# On volume change when paper is folded to give hollow cylinder

I have a question whose answer should be seemingly simple. If a paper of length $l$, breadth $b$ and thickness $t$ were folded to form a cylinder, the cylinder would be hollow with the same thickness $t$. Also, the outer circle would have radius $\frac {b}{2\pi}$ and the inner circle radius $\frac {b}{2\pi}-t$. On calculation I find the volume of the paper to be different from the volume of the outer cylinder minus the volume of the inner cylinder. Why is this the case? Thanks in advance.

• Why do you take the radii to be $b/2\pi$ and $b/2\pi-t$ rather than $b/2\pi+t$ and $b/2\pi$ -- or even $b/2\pi\pm t/2$? – Henning Makholm Aug 21 '18 at 15:22
• Rohpa if you fold it as a cylinder you will get $2\pi r=b$ also $2\pi (r+t)=b$. Won't it contradict? It means that the paper will deform. – prog_SAHIL Aug 21 '18 at 15:25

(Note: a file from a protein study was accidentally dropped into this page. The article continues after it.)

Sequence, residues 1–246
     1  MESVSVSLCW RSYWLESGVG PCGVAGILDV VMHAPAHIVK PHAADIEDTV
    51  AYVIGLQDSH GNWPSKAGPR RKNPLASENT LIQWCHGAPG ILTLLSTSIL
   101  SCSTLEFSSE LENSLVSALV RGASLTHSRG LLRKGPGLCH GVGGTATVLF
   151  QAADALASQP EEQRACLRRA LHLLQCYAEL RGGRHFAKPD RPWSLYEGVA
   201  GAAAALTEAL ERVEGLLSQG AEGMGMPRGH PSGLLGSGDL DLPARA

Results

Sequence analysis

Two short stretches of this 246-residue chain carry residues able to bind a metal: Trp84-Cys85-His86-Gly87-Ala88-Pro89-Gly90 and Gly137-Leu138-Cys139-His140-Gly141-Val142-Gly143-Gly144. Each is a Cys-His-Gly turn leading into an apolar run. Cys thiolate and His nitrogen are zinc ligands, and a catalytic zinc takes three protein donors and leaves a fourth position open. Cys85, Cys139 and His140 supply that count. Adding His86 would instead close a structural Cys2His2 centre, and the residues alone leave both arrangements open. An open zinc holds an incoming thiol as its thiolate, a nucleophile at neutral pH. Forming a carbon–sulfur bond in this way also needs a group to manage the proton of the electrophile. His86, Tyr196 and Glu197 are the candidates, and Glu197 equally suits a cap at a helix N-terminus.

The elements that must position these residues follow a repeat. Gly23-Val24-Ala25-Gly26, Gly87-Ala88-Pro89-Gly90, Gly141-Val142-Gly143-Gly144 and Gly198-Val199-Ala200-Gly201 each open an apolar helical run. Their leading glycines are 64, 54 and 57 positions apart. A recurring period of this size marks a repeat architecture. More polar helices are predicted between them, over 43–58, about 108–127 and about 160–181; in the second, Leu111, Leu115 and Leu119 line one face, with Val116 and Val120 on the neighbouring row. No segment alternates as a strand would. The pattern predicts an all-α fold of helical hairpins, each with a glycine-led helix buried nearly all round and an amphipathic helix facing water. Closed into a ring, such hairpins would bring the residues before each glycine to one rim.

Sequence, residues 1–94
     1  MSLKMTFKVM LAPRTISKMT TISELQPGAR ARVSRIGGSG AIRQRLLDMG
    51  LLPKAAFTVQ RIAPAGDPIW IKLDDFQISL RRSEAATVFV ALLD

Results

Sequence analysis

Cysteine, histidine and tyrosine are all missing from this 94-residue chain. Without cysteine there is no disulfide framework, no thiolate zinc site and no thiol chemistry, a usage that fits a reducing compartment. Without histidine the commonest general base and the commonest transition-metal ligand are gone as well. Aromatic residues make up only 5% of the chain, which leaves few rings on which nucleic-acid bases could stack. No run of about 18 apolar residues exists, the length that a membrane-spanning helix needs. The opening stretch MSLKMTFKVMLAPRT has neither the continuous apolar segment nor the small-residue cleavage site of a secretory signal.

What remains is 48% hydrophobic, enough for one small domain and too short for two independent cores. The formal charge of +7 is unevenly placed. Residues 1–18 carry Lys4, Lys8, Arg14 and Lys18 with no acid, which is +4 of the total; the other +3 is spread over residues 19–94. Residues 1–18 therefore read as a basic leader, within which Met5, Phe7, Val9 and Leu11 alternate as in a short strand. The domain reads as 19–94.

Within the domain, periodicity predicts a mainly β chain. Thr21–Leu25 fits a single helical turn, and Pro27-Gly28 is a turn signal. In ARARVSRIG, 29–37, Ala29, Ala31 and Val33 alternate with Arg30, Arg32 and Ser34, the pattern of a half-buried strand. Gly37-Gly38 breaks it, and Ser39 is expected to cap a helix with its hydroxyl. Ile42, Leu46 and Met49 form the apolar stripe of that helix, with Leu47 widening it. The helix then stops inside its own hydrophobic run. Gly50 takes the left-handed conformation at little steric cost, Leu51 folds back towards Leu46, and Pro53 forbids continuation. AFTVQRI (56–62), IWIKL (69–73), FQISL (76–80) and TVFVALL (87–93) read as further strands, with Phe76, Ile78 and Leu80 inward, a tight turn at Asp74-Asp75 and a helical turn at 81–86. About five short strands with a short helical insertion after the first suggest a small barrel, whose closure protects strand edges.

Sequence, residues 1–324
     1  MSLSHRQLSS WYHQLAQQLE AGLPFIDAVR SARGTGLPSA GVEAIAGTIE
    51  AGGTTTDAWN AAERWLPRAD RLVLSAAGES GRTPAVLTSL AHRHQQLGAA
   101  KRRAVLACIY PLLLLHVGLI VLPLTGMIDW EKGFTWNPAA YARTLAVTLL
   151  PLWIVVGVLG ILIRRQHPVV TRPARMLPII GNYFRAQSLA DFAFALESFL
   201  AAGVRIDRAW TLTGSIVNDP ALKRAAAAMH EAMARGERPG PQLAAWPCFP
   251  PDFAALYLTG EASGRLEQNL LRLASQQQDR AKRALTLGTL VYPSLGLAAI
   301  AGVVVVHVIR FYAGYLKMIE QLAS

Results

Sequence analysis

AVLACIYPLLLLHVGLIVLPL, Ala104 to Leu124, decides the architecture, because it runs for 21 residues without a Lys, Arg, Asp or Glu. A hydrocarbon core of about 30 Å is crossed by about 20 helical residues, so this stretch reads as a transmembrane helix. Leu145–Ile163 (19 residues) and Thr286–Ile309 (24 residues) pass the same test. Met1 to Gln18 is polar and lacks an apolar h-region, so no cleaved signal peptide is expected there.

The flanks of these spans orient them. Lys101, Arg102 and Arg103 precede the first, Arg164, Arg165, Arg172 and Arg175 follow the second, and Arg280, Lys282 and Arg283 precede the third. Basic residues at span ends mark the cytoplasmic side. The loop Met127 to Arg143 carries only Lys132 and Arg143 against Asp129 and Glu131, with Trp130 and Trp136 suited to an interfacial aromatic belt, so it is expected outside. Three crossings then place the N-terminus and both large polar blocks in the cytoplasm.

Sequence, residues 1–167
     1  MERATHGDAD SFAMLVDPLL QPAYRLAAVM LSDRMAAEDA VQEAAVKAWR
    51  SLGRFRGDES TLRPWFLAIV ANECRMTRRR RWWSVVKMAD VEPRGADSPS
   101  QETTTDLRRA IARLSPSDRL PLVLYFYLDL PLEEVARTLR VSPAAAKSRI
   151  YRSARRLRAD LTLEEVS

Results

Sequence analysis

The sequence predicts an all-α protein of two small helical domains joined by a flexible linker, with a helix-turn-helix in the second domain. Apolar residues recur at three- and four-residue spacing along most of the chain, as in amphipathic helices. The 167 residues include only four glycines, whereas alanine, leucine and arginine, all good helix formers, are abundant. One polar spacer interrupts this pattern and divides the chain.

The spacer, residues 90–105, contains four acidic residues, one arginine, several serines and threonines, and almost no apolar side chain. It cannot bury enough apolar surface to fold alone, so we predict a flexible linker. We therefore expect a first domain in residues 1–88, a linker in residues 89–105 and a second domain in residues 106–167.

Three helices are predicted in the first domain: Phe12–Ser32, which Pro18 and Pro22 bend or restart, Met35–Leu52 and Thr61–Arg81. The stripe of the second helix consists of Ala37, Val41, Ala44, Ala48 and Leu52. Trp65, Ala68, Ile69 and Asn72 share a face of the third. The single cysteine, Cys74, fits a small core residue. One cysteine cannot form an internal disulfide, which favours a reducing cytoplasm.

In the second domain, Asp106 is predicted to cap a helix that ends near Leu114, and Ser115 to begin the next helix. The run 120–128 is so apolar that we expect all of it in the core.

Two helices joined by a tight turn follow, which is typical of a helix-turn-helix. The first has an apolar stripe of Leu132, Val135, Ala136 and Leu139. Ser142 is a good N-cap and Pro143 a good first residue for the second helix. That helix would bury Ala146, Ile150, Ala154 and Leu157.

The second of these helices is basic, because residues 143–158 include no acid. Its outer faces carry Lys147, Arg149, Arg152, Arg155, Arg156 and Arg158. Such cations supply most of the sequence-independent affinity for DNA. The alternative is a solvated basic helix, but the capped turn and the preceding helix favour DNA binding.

The paper of a thickness $t$ will never be able to form a perfect cylinder.

As breadth of the paper is $b$, you can write that,

$$2\pi r=b$$

where $r$ is the inner radius of the cylinder.

But the circumference of outer cylinder should also be $b$.

So,

$$2\pi (r+t)=b$$

which is a contradiction, proving that the paper must deform.

• I thought as much, thanks for your answer. Just a small temporary confusion. – Rohpa Aug 21 '18 at 16:11